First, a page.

They've been losing support from the government due to lawsuits. The government doesn't always obey their own laws.

            Why should they not be able to provide support, or charter, or be a chartering organization for a group that has membership requirements based on religion, including simple theism?

            Because it violates the constitution. You might have noticed that the BSA didn't even try to fight when they agreed to stop chartering units to public schools in 2005.

            The government enters into partnerships with other religious organizations that discriminate against atheists, such as the Catholic Church and various Jewish and Muslim charities, which receive grants and funding for a variety of services.

            But those same charities are prohibited from discriminating on the basis of religion in the distribution of those services.

            Advise them that someone can't be a member of the crew and be an atheist, and if the CO isn't willing to abide by the agreement, cancel their charter.

            The CO can't legally abide by the agreement, so your answer is, in effect, "cancel their charter".

            By the way, I'd argue that, since the BSA freely entered into this agreement, they have tacitly agreed to admit atheists to this Crew. After all, they weren't forced to accept the CO.

            They do that quite frequently. They just fought a legal battle with SCOTUS over their desire to discriminate against the religious owners of Hobby Lobby, in violation of a statute signed into law by President Clinton. They have ended contracts with Catholic adoption agencies over their commitment to abide by their religious beliefs.

            No, the Catholic adoption agencies ended the contracts, because the government would not grant those contracts to agencies that excluded gays as potential adopters. Those agencies could have either agreed to the contracts, or continued without government funding.

            Title VII of the Civil Rights Act of 1964 requires the federal government to recognize religious belief as a protected class, and while LGBT, ethnic, and other groups have received official recognition days, weeks, and months, they have failed to provide similar status for Christians

            What? Christmas is still an official federal holiday where I'm from. And it isn't hard to find official recognition days for various groups, including religious groups.

            or to provide programming where prominent Christian ministers and priests are invited to government offices to discuss their beliefs, to be webcasted to the agency's population at large.

            You'll need to be more specific.

            However, you might want to consider that the first amendment is a double-edged sword. Since LGBT, ethnic, and other groups aren't religions, that sort of thing doesn't infringe on the first amendment. Now, if you DO start adding religions, you'll need to handle them equally, like the Satanists who want a statue of Baphomet by the Oklahoma state capital because the city agreed to put up a ten commandments monument and said any other groups could do the same.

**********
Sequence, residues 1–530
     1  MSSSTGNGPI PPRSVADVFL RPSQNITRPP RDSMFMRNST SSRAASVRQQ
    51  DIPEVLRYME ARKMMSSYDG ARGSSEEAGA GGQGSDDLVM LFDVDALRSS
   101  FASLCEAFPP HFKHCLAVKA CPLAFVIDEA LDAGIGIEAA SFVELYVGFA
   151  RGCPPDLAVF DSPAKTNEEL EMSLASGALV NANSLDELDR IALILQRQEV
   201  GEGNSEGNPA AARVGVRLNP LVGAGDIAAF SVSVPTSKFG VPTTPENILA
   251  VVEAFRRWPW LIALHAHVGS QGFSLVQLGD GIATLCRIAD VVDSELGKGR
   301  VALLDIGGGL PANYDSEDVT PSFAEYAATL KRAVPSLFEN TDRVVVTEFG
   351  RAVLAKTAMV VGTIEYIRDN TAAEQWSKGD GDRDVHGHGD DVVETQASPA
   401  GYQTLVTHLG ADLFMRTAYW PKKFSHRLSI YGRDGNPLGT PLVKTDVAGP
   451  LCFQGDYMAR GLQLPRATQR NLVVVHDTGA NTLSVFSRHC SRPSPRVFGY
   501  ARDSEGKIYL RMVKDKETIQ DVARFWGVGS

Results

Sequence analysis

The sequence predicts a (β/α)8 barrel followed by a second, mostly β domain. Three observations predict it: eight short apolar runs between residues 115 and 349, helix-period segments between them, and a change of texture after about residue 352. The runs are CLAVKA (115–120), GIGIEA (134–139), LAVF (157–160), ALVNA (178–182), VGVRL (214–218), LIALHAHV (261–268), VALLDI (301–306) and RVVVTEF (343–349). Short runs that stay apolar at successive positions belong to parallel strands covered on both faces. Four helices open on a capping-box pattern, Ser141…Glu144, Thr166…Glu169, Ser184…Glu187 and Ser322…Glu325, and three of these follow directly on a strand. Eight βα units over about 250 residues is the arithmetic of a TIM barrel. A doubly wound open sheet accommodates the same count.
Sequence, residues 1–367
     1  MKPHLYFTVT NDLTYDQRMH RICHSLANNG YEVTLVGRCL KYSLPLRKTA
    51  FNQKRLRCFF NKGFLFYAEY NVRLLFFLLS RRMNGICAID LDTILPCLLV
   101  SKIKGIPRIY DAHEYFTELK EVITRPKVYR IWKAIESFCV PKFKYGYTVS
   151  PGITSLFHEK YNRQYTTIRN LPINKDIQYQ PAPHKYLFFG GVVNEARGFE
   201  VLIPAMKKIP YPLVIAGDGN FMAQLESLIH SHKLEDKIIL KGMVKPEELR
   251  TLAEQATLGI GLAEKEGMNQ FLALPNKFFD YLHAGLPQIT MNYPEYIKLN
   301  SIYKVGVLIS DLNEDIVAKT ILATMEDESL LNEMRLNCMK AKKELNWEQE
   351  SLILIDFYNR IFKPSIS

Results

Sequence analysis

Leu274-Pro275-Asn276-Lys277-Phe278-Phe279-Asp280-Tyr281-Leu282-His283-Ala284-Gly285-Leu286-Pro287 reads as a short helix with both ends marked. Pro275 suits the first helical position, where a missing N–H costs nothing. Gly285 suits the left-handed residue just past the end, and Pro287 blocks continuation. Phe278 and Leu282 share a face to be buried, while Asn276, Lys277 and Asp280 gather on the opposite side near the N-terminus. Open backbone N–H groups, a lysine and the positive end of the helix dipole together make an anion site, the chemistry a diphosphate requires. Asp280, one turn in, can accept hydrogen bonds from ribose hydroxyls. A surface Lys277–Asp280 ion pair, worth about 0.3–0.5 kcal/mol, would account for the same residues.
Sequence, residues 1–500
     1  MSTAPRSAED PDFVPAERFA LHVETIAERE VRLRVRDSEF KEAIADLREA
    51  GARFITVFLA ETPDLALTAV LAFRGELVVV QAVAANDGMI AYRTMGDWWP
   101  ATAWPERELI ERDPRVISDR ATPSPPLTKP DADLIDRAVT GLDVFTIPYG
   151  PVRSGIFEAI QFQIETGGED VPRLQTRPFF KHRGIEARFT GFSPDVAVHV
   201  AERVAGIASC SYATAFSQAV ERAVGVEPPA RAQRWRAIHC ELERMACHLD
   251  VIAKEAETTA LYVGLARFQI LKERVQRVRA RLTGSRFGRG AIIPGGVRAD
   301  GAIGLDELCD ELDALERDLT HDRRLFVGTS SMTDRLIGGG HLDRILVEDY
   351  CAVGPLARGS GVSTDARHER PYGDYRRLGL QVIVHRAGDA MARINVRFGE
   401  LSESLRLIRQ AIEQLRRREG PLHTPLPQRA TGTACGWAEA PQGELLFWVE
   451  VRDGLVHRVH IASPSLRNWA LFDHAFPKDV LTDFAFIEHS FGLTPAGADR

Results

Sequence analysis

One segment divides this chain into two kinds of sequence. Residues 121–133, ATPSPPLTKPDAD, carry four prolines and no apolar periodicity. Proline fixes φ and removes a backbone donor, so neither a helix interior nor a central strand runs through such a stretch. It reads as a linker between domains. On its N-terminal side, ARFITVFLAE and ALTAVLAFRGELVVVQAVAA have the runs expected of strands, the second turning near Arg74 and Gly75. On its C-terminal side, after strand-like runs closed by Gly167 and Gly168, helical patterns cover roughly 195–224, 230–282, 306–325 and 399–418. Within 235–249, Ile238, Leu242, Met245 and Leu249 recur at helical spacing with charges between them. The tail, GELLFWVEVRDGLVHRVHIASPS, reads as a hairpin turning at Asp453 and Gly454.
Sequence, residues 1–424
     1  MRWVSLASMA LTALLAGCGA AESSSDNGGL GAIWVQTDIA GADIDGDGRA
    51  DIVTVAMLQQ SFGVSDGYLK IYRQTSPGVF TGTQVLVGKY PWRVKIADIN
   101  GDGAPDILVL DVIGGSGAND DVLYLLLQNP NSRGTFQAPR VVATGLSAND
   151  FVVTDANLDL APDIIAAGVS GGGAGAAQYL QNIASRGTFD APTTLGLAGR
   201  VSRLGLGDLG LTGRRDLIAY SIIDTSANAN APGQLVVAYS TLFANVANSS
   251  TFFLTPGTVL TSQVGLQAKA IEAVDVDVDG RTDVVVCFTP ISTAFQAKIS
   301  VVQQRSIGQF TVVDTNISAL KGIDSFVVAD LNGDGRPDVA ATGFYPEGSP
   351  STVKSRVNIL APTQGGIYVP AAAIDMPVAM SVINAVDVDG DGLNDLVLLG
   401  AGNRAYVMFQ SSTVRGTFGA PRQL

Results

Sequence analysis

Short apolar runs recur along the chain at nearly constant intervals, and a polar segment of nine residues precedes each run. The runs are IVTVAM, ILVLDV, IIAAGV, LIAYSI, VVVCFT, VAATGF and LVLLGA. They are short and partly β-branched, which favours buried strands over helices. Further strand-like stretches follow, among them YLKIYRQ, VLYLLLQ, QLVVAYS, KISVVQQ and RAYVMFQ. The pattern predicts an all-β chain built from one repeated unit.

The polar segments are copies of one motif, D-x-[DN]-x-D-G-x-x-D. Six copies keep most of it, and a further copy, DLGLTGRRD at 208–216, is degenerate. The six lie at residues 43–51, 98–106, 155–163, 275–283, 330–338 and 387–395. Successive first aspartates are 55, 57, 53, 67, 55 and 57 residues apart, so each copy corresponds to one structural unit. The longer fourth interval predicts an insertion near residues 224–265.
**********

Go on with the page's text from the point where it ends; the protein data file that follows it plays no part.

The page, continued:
What kind of government agency is doing this? Federal, State, County, City, Tribal? Or is this a hypothetical?

            State.
            Last edited by Merlyn_LeRoy; 07-16-2014, 05:25 PM.

            Comment


            • #7
              • Girls?
              Yes
              • Boys over or under the current age limits?
              In general no, but I think there is a valid exception: when dealing with developmentally challenged youth. Should a 14 year old that is developmentally an 8 year old be allowed in cub scouts if the unit wants them? In some cases I would say yes.
              • Atheists?
              Yes
              • Transgenders (a girl who says she identified as a boy, or vice versa)?
              Yes, but only if the unit is coed. Just because a girl says she is a boy, doesn't eliminate all of the issues around having boys and girls together.
              • Adult leaders who were previously convicted of a child sexual offense, but are no longer required to register as a sex offender?
              This is a hard one. Like everything, it depends on the details. There are registered sex offenders who's offense was playing doctor when they were ten years old. Not many, but there are a few. You also have the 18 year old that had sex with his 17 year old girlfriend. I would expect the majority of ex-offenders to be unfit as leaders (or to be around children at all), but I am willing to recognize that there are exceptions. Should COs be allowed to recognize those exceptions? I don't know.
              • An adult with a DUI who wants to drive kids to camp.
              Again, it depends on the details. If you are talking about someone that had three DUIs in the last ten years, then absolutely not! If you are talking about a 50 year old that had one DUI when he was 19 and hasn't had a problem since? Then yes.

              I don't like zero-tolerance rules, as they are usually about avoiding judgment and responsibility. Part of the idea with local control is trusting the COs to do the right thing. In theory at least, the CO know their leaders better then we do. Mistakes will be made, just like they are under the current rules.

              Comment


              • #8
                I will weigh in only because I have been absent on this forum for so long.

                I like Rick's answer best.

                Jim

                Comment


                • #9
                  I can get behind Rick's answers, too.

                  I don't think I would support all those options for my unit, but that's why they call it "local option." But it neither picks my pocket nor breaks my leg if the troop down the road takes advantage of those options. I do think accommodations would need to be made for multi-unit activities, coed week at summer camp, for example.